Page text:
Sam Mendes' Away We Go (54 screens) makes for a great trailer, consisting of all the very funny, snarky stuff written by Dave Eggers and Vendela Vida. The actual movie has some very funny moments as well, and some terrific individual scenes, but it doesn't add up to a reasonable whole, mainly because the ever-shifting tones never quite mesh. Nevertheless, it seems to be performing well in its arthouse capacity, surviving more on a well-executed stream of hype rather than on the quality of the movie itself. From the ads, you'd think it has already won an Oscar (and, because of this kind of subconscious suggestion, it still might). Either way, what this means is that a literary giant like Eggers didn't have to go slumming. His reputation is intact.

In the old days, great novelists would sometimes write for the movies, but it was sneered at and looked down upon. Movies were for hacks and has-beens, or for desperate sellouts who were willing to work for cash rather than for the reward of a richer soul. William Faulkner was perhaps the most famous example of this, scribbling screenplays for drinking money. Fortunately, nowadays, Mr. Faulkner's literary reputation not only remains totally intact, but also some of his screenplays, including To Have and Have Not (1944) and The Big Sleep (1946), are celebrated for their high quality. Similarly, Billy Wilder once hired the great crime novelist Raymond Chandler to adapt a book by another great crime novelist, James M. Cain, into Double Indemnity (1944). I can only imagine the indignity Chandler must have felt at the time, but today no one cares.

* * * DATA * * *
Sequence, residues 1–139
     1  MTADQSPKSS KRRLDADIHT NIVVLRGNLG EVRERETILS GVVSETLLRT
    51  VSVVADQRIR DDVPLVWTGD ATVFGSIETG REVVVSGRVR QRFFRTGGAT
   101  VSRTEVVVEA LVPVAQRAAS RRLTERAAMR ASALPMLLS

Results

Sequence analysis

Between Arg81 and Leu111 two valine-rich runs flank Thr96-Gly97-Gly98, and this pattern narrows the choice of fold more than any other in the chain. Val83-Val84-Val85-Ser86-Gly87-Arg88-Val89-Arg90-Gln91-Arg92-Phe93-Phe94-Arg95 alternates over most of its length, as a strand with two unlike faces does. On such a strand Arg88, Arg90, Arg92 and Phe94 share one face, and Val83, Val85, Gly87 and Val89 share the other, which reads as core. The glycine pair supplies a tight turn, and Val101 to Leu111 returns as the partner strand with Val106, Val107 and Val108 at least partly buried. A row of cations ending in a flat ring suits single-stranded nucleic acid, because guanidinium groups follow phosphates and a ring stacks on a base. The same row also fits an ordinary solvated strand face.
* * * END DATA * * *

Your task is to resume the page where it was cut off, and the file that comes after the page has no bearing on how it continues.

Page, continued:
categories Columns, Cinematical